Woolies cops record fine for email spam
Woolworths has paid the largest fine ever handed down by Australia's media watchdog after the supermarket giant was found to have sent more than five million emails to customers who had unsubscribed from mailing lists.
The Australian Communications and Media Authority issued Woolworths with a $1,003,800 fine for the significant breach of spamming laws between October 2018 and July 2019.
An investigation found the company continued to send marketing emails to some customers who had tried to unsubscribe several times.
ACMA chair Nerida O'Loughlin said the investigation found Woolworths' systems, processes and practices were inadequate to comply with spam rules, and the record fine should serve "as a reminder" to other organisations.
"The spam rules have been in place for 17 years and Woolworths is a large and sophisticated organisation. The scale and prolonged nature of the noncompliance is inexcusable," Ms O'Loughlin said.
"Woolworths failed to act even after the ACMA had warned it of potential compliance issues after receiving consumer complaints.
"Australians have the right to unsubscribe from marketing emails that they do not want to receive. In this case, consumers claimed that they had tried to unsubscribe on multiple occasions or for highly personal reasons, but their requests were not actioned by Woolworths because of its systems, processes, and practices."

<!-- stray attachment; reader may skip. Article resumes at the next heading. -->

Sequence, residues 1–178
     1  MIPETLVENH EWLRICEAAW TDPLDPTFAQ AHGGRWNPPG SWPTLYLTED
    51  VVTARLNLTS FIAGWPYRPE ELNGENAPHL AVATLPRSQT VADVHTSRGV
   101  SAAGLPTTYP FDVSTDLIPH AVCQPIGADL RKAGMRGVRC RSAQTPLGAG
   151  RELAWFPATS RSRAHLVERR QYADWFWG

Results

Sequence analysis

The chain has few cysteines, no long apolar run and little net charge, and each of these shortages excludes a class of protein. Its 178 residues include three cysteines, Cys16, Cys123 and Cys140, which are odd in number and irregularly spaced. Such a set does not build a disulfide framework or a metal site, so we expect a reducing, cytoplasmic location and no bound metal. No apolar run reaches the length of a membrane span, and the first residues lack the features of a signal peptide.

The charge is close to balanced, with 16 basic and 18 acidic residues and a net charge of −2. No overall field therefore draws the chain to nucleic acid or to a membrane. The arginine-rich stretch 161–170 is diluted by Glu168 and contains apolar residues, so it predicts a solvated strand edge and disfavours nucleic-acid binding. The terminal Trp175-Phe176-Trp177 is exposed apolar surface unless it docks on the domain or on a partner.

WooliesX managing director Amanda Bardwell said many of the breaches were related to shared household email accounts, with the company previously allowing multiple of its rewards members to sign up using the same email address.
"We respect the right of our rewards members to choose how and when we communicate with them and apologise for failing to act on all unsubscribe requests as required under the law," she said.
"Many of the breaches were the result of technical and systems issues, which we fixed in 2019.
"Subsequent breaches occurred because we continued sending communications to email addresses shared by multiple rewards members, where only one member had made an unsubscribe request."
Woolworths have unsubscribed all members who share an email address where at least one of those members had indicated they want to unsubscribe, Ms Bardwell said.
Under a three-year court undertaking, Woolworths has committed to appoint an independent consultant to review its systems, processes, and procedures, to implement improvements, and to report to ACMA.
ACMA will continue to monitor Woolworths' practices.
In the past 12 months, Australian businesses have paid more than $1.7 million in ACMA-issued fines for breaking spam and telemarketing laws.
ACMA has also accepted six court-enforceable undertakings and given seven formal warnings to businesses.
Repeat corporate offenders may face penalties of up to $2.22 million a day.
Woolworths has been contacted for comment.
Originally published as Woolies cops record fine